Kayak Pros and Cons

Kayaks are sleek, fast, and can typically handle rough water. Old Town

Where canoes are the pick-up trucks of small watercraft, kayaks are the sports cars. Depending on the design, they can be very fast and easy to paddle. Kayaks are also harder to sink than a canoe because of their decking. The best thing about kayaks, though, is their light weight and portability. A solo paddler can easily lift a small kayak onto the roof of a car, or put it in the back of a truck. For hunters and anglers, there are also sit-on-top kayaks that can be very sturdy. Some sit-on-top fishing kayaks can be loaded down with everything you’d need for a day on the water. Models from Old Town and Hobie can be paddled with foot pedals and electric motors, making them perfect for hands-free trolling. There is also an industry geared toward kayak anglers, with plenty of kayak accessories on the market.

While there are tandem kayaks for two or more paddlers, the kayak is really meant for solo paddlers. This can make it hard to get out with friends unless they have their own kayaks. Some kayaks can be tippy, and it can be difficult for some people to get out of one if it goes upside down. If you’re a bigger person, you might dislike kayaks because of their cramped cockpits—however, plenty of good sit-on-top kayaks are out there. Larger sit-on-top fishing kayaks can be heavy, and some need their own trailer and wheels to pull the boat to the launch. Kayaks are less capable of holding things like decoys and dogs, but many duck hunters in kayaks manage with a smaller spread.

Canoe vs Kayak: Which One is Right for You?

The author’s Old Town 119 Solo Sportsman outfitted with a home-made packable duck blind. This boat is really the best of both worlds. Matthew Every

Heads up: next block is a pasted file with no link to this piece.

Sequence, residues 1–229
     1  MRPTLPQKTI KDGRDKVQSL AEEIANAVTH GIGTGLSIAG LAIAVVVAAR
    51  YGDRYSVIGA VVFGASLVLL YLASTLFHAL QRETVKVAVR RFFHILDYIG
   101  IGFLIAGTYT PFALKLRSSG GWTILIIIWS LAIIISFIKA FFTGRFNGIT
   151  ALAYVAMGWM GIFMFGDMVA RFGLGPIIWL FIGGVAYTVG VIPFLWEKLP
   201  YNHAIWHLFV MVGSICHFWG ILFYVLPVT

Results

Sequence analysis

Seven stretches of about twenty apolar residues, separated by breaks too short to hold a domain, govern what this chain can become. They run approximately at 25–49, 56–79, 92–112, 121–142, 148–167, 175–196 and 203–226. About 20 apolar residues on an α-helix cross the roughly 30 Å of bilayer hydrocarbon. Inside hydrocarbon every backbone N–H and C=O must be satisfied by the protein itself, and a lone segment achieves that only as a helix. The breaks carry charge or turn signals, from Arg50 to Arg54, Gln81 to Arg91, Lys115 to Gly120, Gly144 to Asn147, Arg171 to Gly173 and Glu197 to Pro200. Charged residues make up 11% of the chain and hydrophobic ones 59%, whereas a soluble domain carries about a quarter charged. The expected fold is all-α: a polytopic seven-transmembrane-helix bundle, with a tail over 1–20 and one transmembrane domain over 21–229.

The canoe vs kayak decision really comes down to what you need to bring on the water. If you’re bringing a friend, a dog, or a bunch of gear, the canoe is the better choice. If you’re striking out on your own for a quick paddle, go with a kayak. Speaking from experience, I think it’s best for an outdoors person to have one of each. There are days when I’ll need the extra capacity of a canoe. But sometimes, having a small, lightweight craft like a kayak is better. If you could buy only one boat and you’re going solo, I would go with a hybrid of the two.

Old Town makes a one-person canoe called the 119 Solo Sportsman that’s outfitted with a kayak-style seat. You can also find similar one-man canoes from other makers. The 119 is one of the best fishing canoes out there. It weighs about 60 pounds, and it’s easy to transport. It can be paddled like a kayak and is sturdy enough to stand in. It can also hold enough fishing or hunting gear for just about anything.

Canoe vs Kayak: Frequently Asked Questions

Is a canoe more difficult than a kayak?

It can be, especially for solo paddlers in larger canoes. With two or more people, though, you can cover more water with less energy in a canoe. Learning how to paddle your own canoe is one of the more rewarding skills an outdoors person can pick up.

Which is heavier: canoe or kayak?

Kayaks are generally lighter than canoes, but there are some really lightweight canoes on the market today. Heavy fishing kayaks can also be way heavier than a canoe. It really depends on the models you’re comparing.

Is a canoe or kayak better for two people?

The canoe is the way to go for two people. There are some great tandem kayaks out there, but with a canoe, you’ll be able to bring more gear. Some people also find canoes more comfortable than kayaks.